Developing Authorization Manager Applications

Applies To: Windows Server 2003 with SP1

Server applications use Authorization Manager runtime interfaces to manage connections to the authorization policy store and validate client requests


When the application runs, it initializes the Authorization Manager policy store using the IAzAuthorizationStore::Initialize interface. The application should have Read access to the authorization store, but does not need Write access. After connecting to the store, the application calls IAzApplication::Initialize to initialize an interface to its specific application within the policy store.

Client connection

When a client connects to the application, an Authorization Manager context must be created for the user. To do this, use the IAzApplication::IntiializeClientContextFromToken, IAzApplication::AzInitializeClientContextFromStringSID, or the IAzApplication::InitializeClientContextFromName method. Generally, if a token is available, you should use a token when creating a context. A token is usually the result of a Windows logon and will contain logon information, such as whether it was an interactive or a network logon. Context creation from a token is usually faster because it does not have to query a domain controller for group information. In rare cases, it is possible that role assignment may have been given depending on these logon properties, so when possible, use the FromToken form of InitializeClientContext APIs. For example, when a user logs on to the network interactively, the NT AUTHORITY\INTERACTIVE group is added to the resulting token. Using the InitializeClientContextFromName (or SID) method, an IAzClientContext object is created by looking up the users group assignments in Active Directory. Since the user has not logged on, the context will not contain groups such as the NT AUTHORITY\INTERACTIVE group that identifies the logon type. In this case, if membership in a group or role is given to the interactive group, a user context that is created using InitializeClientContextFromName does not receive the membership. It is recommended that you do not use these logon property groups to secure resources or specify memberships in groups or roles, in which case InitializeClientContextFromName and InitializeClientContextFromSID can be used.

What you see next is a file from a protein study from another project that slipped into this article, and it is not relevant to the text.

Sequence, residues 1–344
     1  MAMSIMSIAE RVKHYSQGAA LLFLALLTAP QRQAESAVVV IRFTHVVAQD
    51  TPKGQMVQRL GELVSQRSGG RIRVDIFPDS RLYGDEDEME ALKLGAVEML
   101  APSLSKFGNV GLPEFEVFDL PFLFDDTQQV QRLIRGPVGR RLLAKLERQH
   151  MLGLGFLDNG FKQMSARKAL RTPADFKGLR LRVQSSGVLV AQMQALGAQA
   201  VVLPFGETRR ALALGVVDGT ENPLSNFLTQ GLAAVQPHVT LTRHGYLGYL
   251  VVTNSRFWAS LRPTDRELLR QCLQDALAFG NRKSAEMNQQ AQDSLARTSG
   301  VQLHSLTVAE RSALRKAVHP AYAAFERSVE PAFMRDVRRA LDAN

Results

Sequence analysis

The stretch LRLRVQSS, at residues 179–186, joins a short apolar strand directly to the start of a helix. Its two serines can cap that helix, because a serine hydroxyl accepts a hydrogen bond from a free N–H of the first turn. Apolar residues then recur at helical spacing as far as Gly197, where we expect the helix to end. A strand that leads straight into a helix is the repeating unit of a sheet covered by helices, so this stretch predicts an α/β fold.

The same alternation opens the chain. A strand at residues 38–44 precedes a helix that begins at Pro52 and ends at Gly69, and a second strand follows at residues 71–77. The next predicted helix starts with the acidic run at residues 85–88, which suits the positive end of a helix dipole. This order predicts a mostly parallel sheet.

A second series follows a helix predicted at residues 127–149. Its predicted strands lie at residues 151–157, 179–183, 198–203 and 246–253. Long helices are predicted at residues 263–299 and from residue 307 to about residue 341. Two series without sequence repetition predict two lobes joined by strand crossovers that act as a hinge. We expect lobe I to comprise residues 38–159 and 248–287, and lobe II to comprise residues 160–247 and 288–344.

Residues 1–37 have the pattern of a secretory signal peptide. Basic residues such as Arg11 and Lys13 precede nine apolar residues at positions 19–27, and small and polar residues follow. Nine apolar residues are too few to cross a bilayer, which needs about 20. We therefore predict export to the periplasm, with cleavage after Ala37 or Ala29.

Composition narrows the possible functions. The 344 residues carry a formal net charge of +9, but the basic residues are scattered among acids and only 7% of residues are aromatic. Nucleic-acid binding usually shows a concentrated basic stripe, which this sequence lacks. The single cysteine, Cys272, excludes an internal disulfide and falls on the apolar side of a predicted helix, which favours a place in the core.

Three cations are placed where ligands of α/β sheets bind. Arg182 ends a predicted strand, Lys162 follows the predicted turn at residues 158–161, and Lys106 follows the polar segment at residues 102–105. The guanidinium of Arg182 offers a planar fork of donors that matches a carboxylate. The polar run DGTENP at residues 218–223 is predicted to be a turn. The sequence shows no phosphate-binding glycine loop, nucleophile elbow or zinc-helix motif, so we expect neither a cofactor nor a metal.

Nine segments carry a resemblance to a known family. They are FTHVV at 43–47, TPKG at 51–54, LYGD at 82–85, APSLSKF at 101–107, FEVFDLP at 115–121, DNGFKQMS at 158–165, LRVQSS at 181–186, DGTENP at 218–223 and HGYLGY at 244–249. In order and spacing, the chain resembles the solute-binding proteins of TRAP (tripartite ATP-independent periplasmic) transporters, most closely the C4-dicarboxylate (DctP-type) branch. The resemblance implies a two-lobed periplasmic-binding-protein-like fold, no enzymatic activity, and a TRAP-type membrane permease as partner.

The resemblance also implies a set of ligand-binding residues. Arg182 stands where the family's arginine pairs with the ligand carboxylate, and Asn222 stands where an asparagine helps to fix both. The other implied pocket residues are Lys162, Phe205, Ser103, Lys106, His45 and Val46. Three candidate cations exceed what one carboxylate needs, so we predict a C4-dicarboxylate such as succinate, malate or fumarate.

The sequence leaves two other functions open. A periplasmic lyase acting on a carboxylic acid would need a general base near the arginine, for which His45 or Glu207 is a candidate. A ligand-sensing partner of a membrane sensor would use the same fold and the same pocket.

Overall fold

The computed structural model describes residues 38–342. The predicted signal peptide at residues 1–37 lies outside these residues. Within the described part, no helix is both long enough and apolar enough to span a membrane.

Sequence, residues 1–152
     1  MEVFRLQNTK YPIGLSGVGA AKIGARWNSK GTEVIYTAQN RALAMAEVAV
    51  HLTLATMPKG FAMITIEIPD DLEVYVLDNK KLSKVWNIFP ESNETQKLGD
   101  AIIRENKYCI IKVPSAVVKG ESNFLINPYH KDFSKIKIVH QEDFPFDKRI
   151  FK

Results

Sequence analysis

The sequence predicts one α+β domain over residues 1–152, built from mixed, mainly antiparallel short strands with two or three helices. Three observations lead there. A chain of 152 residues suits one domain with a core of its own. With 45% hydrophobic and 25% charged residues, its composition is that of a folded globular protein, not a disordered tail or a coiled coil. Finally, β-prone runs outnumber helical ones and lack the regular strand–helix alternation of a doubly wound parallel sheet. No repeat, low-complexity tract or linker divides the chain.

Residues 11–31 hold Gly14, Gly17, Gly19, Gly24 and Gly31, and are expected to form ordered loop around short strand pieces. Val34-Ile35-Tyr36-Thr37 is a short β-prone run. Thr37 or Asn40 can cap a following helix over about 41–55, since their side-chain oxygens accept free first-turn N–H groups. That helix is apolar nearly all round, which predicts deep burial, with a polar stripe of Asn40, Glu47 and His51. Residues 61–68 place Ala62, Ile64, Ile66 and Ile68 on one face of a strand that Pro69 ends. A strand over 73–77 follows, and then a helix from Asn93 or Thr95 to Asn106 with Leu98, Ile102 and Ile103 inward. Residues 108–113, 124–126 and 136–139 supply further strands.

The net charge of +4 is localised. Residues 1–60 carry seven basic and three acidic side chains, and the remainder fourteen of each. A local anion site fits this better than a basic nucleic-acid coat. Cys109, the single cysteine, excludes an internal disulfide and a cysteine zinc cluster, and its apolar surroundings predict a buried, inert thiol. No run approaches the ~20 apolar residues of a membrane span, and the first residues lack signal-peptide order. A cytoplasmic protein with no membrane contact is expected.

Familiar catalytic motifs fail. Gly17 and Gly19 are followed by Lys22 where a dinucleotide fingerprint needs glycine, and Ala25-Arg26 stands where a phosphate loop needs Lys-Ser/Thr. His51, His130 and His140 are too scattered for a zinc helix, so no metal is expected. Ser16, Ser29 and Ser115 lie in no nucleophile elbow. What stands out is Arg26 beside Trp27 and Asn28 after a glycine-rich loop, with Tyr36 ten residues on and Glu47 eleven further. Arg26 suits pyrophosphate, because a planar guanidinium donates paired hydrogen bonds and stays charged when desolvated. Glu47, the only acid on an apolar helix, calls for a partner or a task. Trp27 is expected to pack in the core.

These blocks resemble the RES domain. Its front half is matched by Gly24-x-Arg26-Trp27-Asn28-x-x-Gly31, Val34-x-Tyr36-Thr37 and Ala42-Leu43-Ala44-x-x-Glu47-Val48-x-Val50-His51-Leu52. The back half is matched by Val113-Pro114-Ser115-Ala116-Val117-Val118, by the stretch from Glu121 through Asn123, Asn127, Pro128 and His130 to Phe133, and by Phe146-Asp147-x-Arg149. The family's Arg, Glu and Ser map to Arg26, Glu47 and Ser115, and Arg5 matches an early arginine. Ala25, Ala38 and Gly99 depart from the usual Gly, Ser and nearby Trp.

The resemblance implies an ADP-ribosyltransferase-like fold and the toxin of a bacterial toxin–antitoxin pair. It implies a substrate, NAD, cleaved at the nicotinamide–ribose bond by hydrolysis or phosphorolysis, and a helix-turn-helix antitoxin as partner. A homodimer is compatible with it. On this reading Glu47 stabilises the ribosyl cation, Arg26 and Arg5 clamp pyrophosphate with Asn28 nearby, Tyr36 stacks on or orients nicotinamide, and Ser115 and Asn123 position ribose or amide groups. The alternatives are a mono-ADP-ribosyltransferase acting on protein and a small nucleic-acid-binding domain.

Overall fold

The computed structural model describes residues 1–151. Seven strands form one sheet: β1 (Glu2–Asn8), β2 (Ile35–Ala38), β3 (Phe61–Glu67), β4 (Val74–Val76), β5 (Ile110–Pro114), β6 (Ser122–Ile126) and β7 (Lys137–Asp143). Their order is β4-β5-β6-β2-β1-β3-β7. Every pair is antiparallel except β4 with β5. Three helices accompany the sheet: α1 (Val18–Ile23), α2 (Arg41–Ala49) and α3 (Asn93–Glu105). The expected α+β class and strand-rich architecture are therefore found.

The AzInitializeClientContextFromStringSID method creates an Authorization Manager context from a given SID in textual form. This behaves in a similar manner as the InitializeClientContextFromName method. When the AZ_CLIENT_CONTEXT_SKIP_GROUP flag is used, the AzInitializeClientContextFromStringSID method does not attempt to determine the group memberships of the given SID. The resulting client context only contains the specified SID. If the IAzAccessCheck method is called from this client context instance, role membership is only granted if the specified SID is used as a member of a role or group assigned to a role.

Roles query and authorization

After a client context is created, applications have the option of querying role information about the user in order to present a user interface based on the users role memberships. For example a Web-based application may render a Manager user interface for people in the Manager role, and an employee role for everyone else. The IAzClientContext::GetRoles method enumerates the users role memberships. The set of roles that is returned from GetRoles is based only on explicit membership assignment; GetRoles does not evaluate BizRules.

When the user makes a request, the application maps the request to the required operations and determines the scope in which the user is making the request. Then the application calls AccessCheck sending the scope, requested operations, BizRule parameters, and object name. The scope determines the users role membership, which determines whether or not access is granted to the user.